• Robert Nyman says:

    Mathis, Markus, Florent,

    Thanks guys! Apparently I was a bit trigger-happy and didn't read between the lines (in a comment to his own post, Steve says that root relative URLs aren't affected, but it's not totally clear in the post).

    So, still an issue, but not near as big as it could have been.

    That's the good thing about blogging about it and allowing for comments, though. ๐Ÿ™‚

  • Are you sure? When I read Steves article, I get a feeling this only affects sites which uses protocol relative URLs, e.g. URLS starting with double slash: //css/base.css.

    I haven't seen any waterfall charts myself though.

  • Robert Nyman says:


    Missed me by a minute. ๐Ÿ™‚

    The post is now corrected.

  • Trygve Lie says:

    One should also note that there is a issue with double requests in IE if one move a script tag around in DOM. In large traffic websites this can have huge performance issues on the server side since the server get hit more than it should.

    I discovered this during debugging a Ad system some time ago and wrote a small article on the problem and how to avoid it.

  • Florent V. says:

    I'm not sure about the "//css/base.css" example. From my very quick tests with Firebug, it seems that the browser (well, Firefox at least) will understand // as a protocol//domain separator.

    A website of mine uses this path:


    If I write it with a double as //public/css/all.css, it doesn't work anymore. I think Firefox then sees "public" as the domain name (since intranet or local domains don't have a TLD).

    This works fine:


    And if I had more slashes between the domain and the path, Firefox resolves the multiple slashes as just one, so it works as well:


    (I even tried with one hundred slashes, still works. Simple regexp is simple?)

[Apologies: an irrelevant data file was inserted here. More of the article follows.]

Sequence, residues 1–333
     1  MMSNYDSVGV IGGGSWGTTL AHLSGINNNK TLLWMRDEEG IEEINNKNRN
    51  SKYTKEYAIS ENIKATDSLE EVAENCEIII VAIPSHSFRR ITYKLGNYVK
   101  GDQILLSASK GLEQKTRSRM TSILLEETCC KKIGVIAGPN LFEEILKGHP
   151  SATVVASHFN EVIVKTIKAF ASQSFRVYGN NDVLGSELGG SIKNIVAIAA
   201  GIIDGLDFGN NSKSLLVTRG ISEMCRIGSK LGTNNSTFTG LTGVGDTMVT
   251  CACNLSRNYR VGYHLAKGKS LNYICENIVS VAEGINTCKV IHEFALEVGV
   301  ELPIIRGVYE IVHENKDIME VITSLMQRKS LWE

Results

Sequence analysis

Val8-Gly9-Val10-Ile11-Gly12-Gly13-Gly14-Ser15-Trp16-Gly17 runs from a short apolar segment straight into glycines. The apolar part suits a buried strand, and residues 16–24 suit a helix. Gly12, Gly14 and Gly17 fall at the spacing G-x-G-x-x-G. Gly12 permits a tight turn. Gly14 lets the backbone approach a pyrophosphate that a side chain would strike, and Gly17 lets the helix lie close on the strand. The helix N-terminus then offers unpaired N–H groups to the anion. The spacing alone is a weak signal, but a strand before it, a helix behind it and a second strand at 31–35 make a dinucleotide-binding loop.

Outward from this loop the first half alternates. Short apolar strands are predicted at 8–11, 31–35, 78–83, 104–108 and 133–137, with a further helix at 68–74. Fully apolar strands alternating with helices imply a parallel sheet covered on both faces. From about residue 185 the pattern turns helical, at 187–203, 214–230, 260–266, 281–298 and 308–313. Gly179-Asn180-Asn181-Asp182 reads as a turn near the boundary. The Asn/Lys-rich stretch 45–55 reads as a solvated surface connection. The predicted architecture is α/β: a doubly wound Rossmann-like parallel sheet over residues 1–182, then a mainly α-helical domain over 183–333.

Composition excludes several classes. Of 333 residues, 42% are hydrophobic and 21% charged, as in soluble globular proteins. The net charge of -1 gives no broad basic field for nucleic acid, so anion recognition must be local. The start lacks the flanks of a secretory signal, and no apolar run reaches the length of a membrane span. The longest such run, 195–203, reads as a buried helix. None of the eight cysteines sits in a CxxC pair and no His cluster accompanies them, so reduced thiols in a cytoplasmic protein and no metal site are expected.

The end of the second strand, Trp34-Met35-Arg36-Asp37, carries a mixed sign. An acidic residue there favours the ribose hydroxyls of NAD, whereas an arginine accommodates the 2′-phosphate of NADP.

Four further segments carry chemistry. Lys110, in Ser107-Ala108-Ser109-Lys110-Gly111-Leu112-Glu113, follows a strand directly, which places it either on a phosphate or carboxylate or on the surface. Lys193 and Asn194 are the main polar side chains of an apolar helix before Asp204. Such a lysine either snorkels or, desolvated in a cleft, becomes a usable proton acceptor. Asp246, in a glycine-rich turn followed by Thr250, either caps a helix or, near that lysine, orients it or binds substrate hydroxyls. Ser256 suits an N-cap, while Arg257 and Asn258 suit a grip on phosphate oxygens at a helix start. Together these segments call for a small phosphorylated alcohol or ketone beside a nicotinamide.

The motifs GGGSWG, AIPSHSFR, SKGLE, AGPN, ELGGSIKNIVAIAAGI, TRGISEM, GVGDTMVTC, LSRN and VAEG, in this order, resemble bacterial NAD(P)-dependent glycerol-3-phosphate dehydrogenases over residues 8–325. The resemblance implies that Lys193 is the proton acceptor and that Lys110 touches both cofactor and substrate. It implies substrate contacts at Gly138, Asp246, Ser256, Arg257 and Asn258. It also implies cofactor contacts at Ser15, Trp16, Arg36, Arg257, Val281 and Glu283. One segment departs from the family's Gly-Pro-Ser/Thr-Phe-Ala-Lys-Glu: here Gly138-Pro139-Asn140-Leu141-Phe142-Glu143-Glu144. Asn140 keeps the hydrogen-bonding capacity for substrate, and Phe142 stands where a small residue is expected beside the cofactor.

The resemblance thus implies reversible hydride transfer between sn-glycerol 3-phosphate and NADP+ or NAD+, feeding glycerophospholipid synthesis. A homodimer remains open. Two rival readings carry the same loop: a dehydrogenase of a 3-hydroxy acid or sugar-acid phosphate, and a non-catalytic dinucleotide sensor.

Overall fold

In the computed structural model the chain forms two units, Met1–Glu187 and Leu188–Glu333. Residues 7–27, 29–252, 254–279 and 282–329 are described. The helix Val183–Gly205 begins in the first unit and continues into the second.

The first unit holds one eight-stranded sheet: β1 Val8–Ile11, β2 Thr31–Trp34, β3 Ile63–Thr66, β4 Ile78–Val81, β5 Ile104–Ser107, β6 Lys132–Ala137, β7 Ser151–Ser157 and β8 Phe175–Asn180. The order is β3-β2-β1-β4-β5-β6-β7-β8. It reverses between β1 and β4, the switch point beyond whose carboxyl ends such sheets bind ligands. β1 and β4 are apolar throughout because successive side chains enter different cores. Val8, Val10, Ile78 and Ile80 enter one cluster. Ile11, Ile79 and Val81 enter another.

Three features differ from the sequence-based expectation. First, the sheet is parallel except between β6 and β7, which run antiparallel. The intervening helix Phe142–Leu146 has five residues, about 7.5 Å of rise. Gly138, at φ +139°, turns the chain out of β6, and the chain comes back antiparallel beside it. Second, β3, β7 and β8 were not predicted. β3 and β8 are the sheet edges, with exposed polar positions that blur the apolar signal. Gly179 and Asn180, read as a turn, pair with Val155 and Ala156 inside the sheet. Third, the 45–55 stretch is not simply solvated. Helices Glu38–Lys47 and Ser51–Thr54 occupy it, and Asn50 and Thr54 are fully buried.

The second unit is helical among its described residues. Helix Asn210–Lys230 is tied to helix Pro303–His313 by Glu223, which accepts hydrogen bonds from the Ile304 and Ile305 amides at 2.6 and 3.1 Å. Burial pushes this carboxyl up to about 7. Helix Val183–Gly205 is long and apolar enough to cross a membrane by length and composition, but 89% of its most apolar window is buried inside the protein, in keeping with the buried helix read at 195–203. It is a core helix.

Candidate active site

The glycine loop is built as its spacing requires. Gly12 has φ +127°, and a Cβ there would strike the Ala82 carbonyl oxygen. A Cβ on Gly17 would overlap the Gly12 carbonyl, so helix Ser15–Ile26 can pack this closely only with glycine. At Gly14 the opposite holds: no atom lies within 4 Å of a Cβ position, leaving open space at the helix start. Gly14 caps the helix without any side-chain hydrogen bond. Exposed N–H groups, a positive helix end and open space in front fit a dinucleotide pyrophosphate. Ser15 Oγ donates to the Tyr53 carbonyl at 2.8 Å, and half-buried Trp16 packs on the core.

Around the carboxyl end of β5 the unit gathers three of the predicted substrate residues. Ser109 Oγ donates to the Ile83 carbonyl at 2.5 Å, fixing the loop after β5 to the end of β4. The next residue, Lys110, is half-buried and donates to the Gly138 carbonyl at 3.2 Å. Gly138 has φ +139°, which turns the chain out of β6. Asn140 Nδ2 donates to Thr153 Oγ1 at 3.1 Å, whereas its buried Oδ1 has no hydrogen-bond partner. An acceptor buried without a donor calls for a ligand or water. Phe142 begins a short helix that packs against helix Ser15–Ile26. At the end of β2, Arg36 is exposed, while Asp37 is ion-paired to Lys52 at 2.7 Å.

So, hum, my point is that maybe "//example.org/css/base.css" would be a better example for your post. Thoughts?

  • Olov says:

    "The only way to get around this problem is to use an absolute or root relative path to your CSS files"

    Is that really correct? As I understand it only a missing schema will trigger this, so location relative link <code><link href="../css/base.css" type="text/css" rel="stylesheet"></code> won't make it download twice. Or?

  • Florent V. says:

    + Same question as Olov.

  • Robert Nyman says:


    I seem to get the same results, under the same circumstances, so I have updated the post with the suggested better example. Thanks!


    I agree about the formulation, and from what I've seen location relative seem to work as expected too. Updated the post to try and make some more sense.

  • Robert Nyman says:

    Trygve Lie,

    Nice, thanks for the tip!

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  • Mange says:

    This is interesting. I’ve been fighting with getting a css sheet to show up in IE, when it works perfectly fine in FF. As I was looking for solutions to the problem, I found this article.
    As a side note, it turns out I had the stylesheet’s “href” attribute last, which threw IE6 off (yes, my job still uses IE6 for accessing internal sites). On the plus side, 2 hours of frustration at this caused me to find several really well-written blogs such as this one.

  • Robert Nyman says:


    Interesting about the order. And good luck!